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VIEWPOINT: Who reads annual reports?

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“Integrated reporting is making annual reports more relevant to investors and thoughtful business leaders alike.”

My October 2013 Accountancy SA column opened with the line: “Annual reports are probably the most expensive publications ever produced that never get read.” I was being as cynical as some of my clients about the glossy publications that absorb management’s time for seemingly little purpose beyond compliance with JSE regulations.

Yet a recent survey by PR NewsWire, founded in 1954 and the world’s leading corporate communications service, finds exactly the opposite. PR NewsWire updates its Shareholder Confidence 365 survey constantly by asking about 20 000 investors one question every week or so to prevent “survey fatigue”. This survey reveals that a steadily growing percentage of investors are reading printed and online annual reports.

In mid-2014 about 53% of the investors responded that they read the annual reports of companies they have invested in, while 52% of investors will read the reports of companies that attract their interest. Moreover, 49% still prefer printed reports, though a growing percentage (currently 36,6%) choose to read or download online reports.

I was staggered by these numbers, which are so much higher than I had expected. These results from a highly credible source are a sharp wakeup call for those who write off annual reporting as a waste of time.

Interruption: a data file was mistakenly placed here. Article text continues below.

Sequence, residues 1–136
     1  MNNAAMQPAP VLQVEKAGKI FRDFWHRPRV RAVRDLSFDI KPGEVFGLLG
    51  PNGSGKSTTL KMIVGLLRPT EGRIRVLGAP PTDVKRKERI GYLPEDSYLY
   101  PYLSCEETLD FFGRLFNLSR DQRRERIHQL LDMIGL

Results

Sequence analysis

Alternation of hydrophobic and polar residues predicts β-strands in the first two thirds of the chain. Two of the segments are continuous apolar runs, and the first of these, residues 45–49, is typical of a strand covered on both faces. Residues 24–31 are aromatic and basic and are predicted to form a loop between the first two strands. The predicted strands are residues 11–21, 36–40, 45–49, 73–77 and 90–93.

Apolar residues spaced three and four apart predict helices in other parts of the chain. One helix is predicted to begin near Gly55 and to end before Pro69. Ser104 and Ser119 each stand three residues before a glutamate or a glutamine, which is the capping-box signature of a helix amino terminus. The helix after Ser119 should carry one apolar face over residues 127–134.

A valued client – the financial director in a blue chip JSE company – has a rare talent for communicating regularly and transparently with his stakeholder universe, which may well be a factor in why his company steadily improves its annual results. In our initial meeting to launch this year’s reporting cycle he stated that he intended extracting additional value from his integrated and sustainability reports.

This astute businessman explained that this year’s report would be a useful tool for introducing “integrated thinking” throughout the company. It would kick off with a reporting workshop that includes all departments, so that the content providers would be motivated to produce “our” report, rather than “my” section of the report.

He also envisaged the integrated report as the company’s definitive “story”, so that all can use it as a record of what the business has achieved, and where it is going from here.

This growing understanding of the intrinsic value of a well-crafted annual report was confirmed in the same week by an IT sector client who regularly bids for multi-million-rand tenders. For him the annual report neatly packages all the relevant information and financials that these tenders require, which is as useful to his business as keeping shareholders properly informed.

Integrated reporting is clearly making annual reports more relevant to investors and thoughtful business leaders alike. I couldn’t be more delighted to have been so wrong. ❐

Author: Clive Lotter is an Integrated Reporting Consultant and writer of annual reports for listed companies